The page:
Picture Styles

Discover Picture Styles, what they do, how to adjust them and how to download and install additional Styles via your computer.

Just as in the days of analogue photography a particular type of film gave your images a certain look, in digital photography applying a Picture Style enables you to change the appearance of your shot with a simple menu selection. Canon Picture Styles enable you to apply a whole set of image adjustments with a click, which you can then fine-tune manually. The parameters you can adjust are the sharpness, contrast, saturation and colour tone of colour images, and the sharpness, contrast, filter effect and toning effect of monochrome images.

Picture Styles were introduced with the EOS-1D Mark II in 2004. All subsequent EOS cameras have Picture Styles. You can add your own custom Picture Style to the presets, or download and install even more Styles.

These are the preset options you can choose from:

  • Auto: introduced with the EOS 600D in 2011, this Picture Style uses the camera's Scene Detection system, which automatically analyses the shooting conditions, looking at parameters such as a subject's face, colour, brightness, movement, contrast and focus distance. This enables the system to generate a Picture Style specific to each scene by adjusting contrast, colour tone, sharpness and saturation. Generally, the Auto Picture Style adjusts the colours so they look vivid, especially blue skies, greenery and sunsets.
  • Standard: uses a sharpness level of 3 and produces crisp images with the colour tone and saturation set to produce vivid colours. It's a good choice for a wide variety of scenes.
  • Portrait: has colour tone and saturation set to render natural skin tones. Sharpness is set to level 2, one step weaker than in Standard, and is kinder to skin.
  • Landscape: colour tone and saturation are set to achieve deep, vivid blues and greens for skies and foliage. The sharpness is set to 4, one step more than Standard, so that the outlines of mountains, trees and buildings look crisp.
  • Fine Detail: introduced with the EOS 5DS and EOS 5DS R in 2015, this style is configured to suit subjects with fine details and subtle textures. It also produces slightly more vivid colours.
  • Neutral: produces natural colours and no sharpening is applied – it is assumed that some image processing will be done. A good choice if, for example, the image contains subtle shades of white in a wedding dress or similar subject, which might be blown out by boosting brightness and saturation.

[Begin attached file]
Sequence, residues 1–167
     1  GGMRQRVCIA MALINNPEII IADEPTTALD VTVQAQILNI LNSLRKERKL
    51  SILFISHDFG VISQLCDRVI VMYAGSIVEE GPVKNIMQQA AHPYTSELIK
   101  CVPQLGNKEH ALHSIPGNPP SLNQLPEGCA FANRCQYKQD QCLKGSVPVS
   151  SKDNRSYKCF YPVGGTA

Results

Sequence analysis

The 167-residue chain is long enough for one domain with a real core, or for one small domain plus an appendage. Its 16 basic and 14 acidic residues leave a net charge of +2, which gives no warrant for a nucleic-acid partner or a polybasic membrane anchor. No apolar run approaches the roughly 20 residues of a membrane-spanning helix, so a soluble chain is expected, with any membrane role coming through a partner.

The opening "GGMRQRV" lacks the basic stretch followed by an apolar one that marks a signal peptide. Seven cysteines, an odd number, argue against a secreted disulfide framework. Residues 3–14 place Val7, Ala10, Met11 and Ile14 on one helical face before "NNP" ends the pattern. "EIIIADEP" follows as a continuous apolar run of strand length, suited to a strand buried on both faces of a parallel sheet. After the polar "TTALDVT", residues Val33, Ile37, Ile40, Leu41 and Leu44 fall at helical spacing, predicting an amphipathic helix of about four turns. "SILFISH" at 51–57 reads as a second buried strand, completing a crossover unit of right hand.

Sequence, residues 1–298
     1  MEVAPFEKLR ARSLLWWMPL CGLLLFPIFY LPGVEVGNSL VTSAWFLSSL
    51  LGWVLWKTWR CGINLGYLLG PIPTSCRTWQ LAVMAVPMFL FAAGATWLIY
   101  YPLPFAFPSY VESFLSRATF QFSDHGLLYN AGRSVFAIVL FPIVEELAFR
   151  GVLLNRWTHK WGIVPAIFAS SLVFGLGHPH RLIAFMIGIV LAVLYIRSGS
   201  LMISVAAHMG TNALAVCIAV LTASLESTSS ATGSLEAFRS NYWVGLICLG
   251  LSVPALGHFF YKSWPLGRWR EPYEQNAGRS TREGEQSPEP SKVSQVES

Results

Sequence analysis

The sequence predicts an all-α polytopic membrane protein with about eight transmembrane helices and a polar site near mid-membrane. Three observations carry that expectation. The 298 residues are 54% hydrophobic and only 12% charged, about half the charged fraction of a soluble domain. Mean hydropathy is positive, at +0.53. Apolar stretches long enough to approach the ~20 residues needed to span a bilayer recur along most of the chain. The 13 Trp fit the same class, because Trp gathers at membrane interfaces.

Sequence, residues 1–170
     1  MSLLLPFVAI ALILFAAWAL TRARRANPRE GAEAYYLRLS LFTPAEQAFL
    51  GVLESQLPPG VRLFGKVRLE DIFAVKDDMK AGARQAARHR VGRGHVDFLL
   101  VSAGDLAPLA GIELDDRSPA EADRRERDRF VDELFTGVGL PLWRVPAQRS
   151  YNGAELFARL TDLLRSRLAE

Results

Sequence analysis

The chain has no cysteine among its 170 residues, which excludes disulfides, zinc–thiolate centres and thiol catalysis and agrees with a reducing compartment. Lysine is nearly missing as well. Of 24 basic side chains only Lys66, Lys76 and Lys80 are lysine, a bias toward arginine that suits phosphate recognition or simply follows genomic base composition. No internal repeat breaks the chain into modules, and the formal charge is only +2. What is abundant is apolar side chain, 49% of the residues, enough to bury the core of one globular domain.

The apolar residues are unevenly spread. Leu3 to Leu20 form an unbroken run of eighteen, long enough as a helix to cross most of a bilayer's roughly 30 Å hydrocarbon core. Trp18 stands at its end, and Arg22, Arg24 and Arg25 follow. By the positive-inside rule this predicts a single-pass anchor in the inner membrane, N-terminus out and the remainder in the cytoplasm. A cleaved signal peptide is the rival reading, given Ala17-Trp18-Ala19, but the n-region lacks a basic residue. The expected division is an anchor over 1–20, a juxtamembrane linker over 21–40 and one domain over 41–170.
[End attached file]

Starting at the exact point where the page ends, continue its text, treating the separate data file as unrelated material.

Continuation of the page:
• Faithful: like the Neutral picture style, this applies no sharpening. Where Neutral produces a perceptual rendering of colours (that is, balancing the colours much as you would see them), Faithful is a colorimetric rendering designed to reproduce colours as they would appear if shot in daylight (at a colour temperature of 5200K). In practice this will be very close to what you see with the naked eye (and usually very similar to Neutral, but with a more colour-accurate reproduction in bright highlights). The difference between perceptual and colorimetric rendering is most relevant for colour-accurate printing.
  • Monochrome: turns the image black and white, with sharpness set to 3 and contrast at its middle value. Instead of colour tone and colour saturation settings, there are settings for filter effects (none, yellow, orange, red, green), enabling you to adjust the tones in the mono conversion, and toning effect (none, sepia, blue, purple, green), enabling you to add a subtle or a more intense tint for artistic effect. You'll see the effects of these settings if you're using Live View on a DSLR or the viewfinder on a mirrorless camera, so you can assess the results before you take the shot. If you've set the camera to save shots as JPEGs, the image will be saved as mono (or tinted), as you've set it. If you're shooting RAW, the colour information will be preserved, and you can remove or change the Picture Style in post-processing – more about Picture Styles and RAW files shortly.